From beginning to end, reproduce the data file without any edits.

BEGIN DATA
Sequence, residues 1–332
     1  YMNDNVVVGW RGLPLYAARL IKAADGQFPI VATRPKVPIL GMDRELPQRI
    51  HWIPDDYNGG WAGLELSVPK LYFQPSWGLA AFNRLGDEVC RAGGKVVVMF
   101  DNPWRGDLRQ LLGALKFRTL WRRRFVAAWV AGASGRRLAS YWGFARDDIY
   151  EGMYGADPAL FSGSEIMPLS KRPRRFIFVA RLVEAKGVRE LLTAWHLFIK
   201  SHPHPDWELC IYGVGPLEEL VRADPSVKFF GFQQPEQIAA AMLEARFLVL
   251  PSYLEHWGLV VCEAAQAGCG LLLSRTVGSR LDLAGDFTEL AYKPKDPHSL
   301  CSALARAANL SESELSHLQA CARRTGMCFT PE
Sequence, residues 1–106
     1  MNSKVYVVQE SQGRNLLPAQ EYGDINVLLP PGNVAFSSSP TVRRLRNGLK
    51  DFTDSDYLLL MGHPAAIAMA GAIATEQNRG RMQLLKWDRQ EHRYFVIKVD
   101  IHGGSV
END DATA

Sequence, residues 1–332
     1  YMNDNVVVGW RGLPLYAARL IKAADGQFPI VATRPKVPIL GMDRELPQRI
    51  HWIPDDYNGG WAGLELSVPK LYFQPSWGLA AFNRLGDEVC RAGGKVVVMF
   101  DNPWRGDLRQ LLGALKFRTL WRRRFVAAWV AGASGRRLAS YWGFARDDIY
   151  EGMYGADPAL FSGSEIMPLS KRPRRFIFVA RLVEAKGVRE LLTAWHLFIK
   201  SHPHPDWELC IYGVGPLEEL VRADPSVKFF GFQQPEQIAA AMLEARFLVL
   251  PSYLEHWGLV VCEAAQAGCG LLLSRTVGSR LDLAGDFTEL AYKPKDPHSL
   301  CSALARAANL SESELSHLQA CARRTGMCFT PE
Sequence, residues 1–106
     1  MNSKVYVVQE SQGRNLLPAQ EYGDINVLLP PGNVAFSSSP TVRRLRNGLK
    51  DFTDSDYLLL MGHPAAIAMA GAIATEQNRG RMQLLKWDRQ EHRYFVIKVD
   101  IHGGSV